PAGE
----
Hello everyone! The quotes below is a reconstruction of a wonderful conversation I had with Lyndon White (@oxinabox) on the Julia Slack on February 24, 2021 (Thank you to Lyndon as well to let me quote and repost this on Discourse)! I thought it might be useful to record it in Discourse in case anyone had similar questions about some of the differences in Automatic Differentiation in Python compared to Julia.
And we can also continue the discussion on this if anyone wants to add anything else.
Kim Laberinto (He/Him)
Is this (below) an accurate view of one of the the differences with Julia’s autodiff ecosystem and Python’s autodiff frameworks?
It seems to me likes long as your code is written in normal Julia code, the Julia autodiff packages will probably work(?) at doing the autodiff in ways you want! Which leads to things like being able to backprop through other Julia packages like powerful differential equation solvers.
Whereas in Python, with Tensorflow and Pytorch, you have to build the computational graph using the objects made for that purpose with knowing in mind in advance that you want to autodiff.
If anyone has some some other significant differences, feel free to suggest! I would love to look into them
Don’t talk about TensorFlow 2.0 or Pytorch using the word Computational Graph.
While technically applicable to dynmaic, it does have strong connections to the explict graph structure TensorFlow. 1.0 used
I would say yes, in Pytorch and TensorFlow the code does need to be written with AD specifically in mind, useful functions from those or made for those frameworks.
Rather than just what ever libraries you want.
Some might work through duck-typing. Those that that have a C backend (etc) won’t. Which is most serious computational packages in python.
On the upside: as long as you stay inside that walled garden most things are well tested and used by a ton of people, so you won’t run into many sharp edges.
On the significant downside, many things are outside of that walled garden.
Including efficient ways to solve small systems.
Like things other than traditional neural networks.
(E.g. compare torchdiffeq vs DiffEqFlux. On LokaVoltra, DIffEqFlux has solved the problem in less time that it took to even run a single forward pass in torchdiffeq)
Kim Laberinto (He/Him)
Thank you for the response!! That helps me get an insight on limitations in Python and how incredible Julia is!
First I thought all of AD was magic. I thought that all of AD used Dual Numbers. Then I learned what Reverse Mode AD was and realized I’ve actually seen and used reverse mode AD in Python before. Then I realized that in Julia you can AD anything/most things!! Now it is even more magical haha
Though I don’t quite understand what you meant by computational graphs in TF2.0 and PyTorch. I had thought that all of AD had to somehow construct the graph to be able to AD through it. But I guess there are other techniques!
function my_pow(x, n) net = x for i in 1:n-1 net *= x end return net end
That can’t construct a static computational graph. (and as a rule tensorflow people mean static computational graph when they say computational graph).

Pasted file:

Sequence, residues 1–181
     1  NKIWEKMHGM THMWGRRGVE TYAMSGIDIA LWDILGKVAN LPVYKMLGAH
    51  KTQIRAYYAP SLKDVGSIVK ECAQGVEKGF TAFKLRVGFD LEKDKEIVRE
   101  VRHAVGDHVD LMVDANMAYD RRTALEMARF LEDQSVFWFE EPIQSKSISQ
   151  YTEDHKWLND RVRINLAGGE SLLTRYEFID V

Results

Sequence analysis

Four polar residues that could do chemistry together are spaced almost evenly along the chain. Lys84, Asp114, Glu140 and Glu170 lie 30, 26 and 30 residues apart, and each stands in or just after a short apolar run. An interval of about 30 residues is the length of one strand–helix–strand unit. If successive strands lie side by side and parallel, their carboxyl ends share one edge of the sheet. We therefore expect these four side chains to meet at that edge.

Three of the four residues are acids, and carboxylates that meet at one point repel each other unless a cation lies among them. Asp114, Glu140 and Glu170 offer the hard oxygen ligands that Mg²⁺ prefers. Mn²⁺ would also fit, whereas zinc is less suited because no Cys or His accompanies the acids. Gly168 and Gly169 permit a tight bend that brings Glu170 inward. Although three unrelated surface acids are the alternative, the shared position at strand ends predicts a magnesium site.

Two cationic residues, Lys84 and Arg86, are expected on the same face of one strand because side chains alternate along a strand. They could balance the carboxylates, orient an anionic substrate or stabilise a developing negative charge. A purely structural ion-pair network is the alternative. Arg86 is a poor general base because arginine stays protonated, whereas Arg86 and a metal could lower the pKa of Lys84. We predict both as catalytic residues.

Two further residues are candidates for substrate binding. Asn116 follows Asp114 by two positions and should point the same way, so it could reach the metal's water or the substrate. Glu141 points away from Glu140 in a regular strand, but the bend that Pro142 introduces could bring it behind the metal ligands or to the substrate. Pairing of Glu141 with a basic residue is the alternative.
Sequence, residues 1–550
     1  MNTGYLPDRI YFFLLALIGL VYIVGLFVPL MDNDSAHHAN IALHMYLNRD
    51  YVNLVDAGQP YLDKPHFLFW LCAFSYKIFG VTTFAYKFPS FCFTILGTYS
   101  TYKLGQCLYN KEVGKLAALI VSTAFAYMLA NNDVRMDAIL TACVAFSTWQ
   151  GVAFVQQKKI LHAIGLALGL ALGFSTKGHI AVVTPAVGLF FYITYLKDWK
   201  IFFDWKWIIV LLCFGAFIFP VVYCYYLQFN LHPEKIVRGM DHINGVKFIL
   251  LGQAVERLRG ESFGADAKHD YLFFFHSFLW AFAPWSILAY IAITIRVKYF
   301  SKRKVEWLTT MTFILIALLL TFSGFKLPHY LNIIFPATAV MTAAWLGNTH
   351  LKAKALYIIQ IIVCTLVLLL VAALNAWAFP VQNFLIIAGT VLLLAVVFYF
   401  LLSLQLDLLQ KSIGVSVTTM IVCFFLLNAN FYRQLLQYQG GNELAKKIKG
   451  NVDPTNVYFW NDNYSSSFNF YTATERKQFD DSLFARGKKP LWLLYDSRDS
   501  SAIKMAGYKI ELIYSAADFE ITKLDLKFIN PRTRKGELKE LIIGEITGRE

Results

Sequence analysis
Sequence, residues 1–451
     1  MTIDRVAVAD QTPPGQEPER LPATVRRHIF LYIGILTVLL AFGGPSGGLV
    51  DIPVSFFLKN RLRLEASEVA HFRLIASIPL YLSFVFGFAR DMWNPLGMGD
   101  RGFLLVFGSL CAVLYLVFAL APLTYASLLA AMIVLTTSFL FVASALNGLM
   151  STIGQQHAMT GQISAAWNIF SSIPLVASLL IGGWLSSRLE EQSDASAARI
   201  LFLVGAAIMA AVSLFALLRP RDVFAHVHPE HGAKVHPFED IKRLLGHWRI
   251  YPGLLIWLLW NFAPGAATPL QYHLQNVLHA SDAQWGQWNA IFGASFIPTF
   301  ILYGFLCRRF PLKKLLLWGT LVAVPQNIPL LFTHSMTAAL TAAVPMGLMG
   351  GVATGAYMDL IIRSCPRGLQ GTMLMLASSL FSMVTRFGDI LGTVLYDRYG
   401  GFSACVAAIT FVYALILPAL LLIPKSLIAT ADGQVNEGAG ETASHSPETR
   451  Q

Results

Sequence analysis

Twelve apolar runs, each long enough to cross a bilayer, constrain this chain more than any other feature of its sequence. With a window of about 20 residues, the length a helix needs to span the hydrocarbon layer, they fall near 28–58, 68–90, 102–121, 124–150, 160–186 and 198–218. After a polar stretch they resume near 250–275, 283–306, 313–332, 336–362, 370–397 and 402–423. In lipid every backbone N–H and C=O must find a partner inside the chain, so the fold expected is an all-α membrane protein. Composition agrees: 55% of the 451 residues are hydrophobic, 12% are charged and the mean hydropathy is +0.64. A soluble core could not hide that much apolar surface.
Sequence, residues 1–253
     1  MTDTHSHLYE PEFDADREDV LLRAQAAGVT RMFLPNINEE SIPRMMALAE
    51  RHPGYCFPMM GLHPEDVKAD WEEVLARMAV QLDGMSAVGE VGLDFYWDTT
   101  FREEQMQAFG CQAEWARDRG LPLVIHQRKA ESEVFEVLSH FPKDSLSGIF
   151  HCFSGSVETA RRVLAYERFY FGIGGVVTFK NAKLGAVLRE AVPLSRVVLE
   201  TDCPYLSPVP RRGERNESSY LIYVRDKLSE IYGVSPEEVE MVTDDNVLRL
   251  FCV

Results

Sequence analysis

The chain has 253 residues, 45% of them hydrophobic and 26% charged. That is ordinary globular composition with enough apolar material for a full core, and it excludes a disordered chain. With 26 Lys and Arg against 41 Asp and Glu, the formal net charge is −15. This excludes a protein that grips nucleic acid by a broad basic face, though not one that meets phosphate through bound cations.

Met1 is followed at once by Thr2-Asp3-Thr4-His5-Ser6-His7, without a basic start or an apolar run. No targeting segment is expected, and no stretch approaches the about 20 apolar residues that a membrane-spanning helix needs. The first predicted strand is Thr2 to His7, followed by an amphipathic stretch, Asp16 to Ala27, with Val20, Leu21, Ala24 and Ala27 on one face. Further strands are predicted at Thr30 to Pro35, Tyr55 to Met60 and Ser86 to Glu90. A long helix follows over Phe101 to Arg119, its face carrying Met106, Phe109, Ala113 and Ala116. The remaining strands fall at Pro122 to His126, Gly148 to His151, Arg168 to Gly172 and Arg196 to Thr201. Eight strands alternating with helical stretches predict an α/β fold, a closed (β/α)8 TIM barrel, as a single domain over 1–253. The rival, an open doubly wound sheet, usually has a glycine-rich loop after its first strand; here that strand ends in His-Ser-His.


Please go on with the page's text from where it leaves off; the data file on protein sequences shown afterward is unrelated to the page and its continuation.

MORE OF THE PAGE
Because at compile time you don’t know how many iterations of the loop will occur.
Since it depends on the variable n.
So you can’t write out the computational structure of all operations that occur
(You actually can’t construct this in TensorFlow 1.0 without using some of the limitted dynamic extensions. I think this also causes problems for symbolic differentiation for similar reasons.).
What you can do is create a tape (sometimes the word trace is used interchangably, occationally it is used slightly differently).
A record of every operation that is done.
And that is all we need.
Infact that will generally be simpler than a graph.
function double_pos_square_neg(x) y = if x > 0 2*x else # x <= 0 x^2 end return y end
Here we don’t need to generate the full graph, if the input is x=1 since we don’t care what happens in the x<0 branch.
We just need the instructions on the branch that was taken, since the other branch can’t affect our derivative since it didn’t occur.
Out tape thus doesn’t have to record it.
To do a reverse mode AD the we need to walk that tape backwards “pullingback” the derivative through each operation that was recorded.
Here is video of me explaining both forard then reverse in like 5 min
here is slides ChainRules
Here is a very small reverse mode AD using ChainRules
Operator Overloading · ChainRules
See it constructs the tape recording how to pullback each operation that was preformed on the tracked variable, then it triggers them in sequence the propagate that gradient back until it is for the right variables.
(It does get blurry, Zygote will actually work out the code for the other branch, but won’t use it)
Kim Laberinto (he/him)
Wow that explains so much! Thank you. I kept seeing the term “tape” used and just thought it meant a computational graph. But it makes so much sense to just record a tape of operations that is done and then keep “pullingback” through the tape backwards to do reverse mode AD to the variables to what you take a derivative with respect to.
if you like the tape is single path through the graph.
(or more properly i think it is something line: a topological sort of the inclusion of a single path. Is inclusion the word? Add the extra paths that have beginnings and ends on the main path)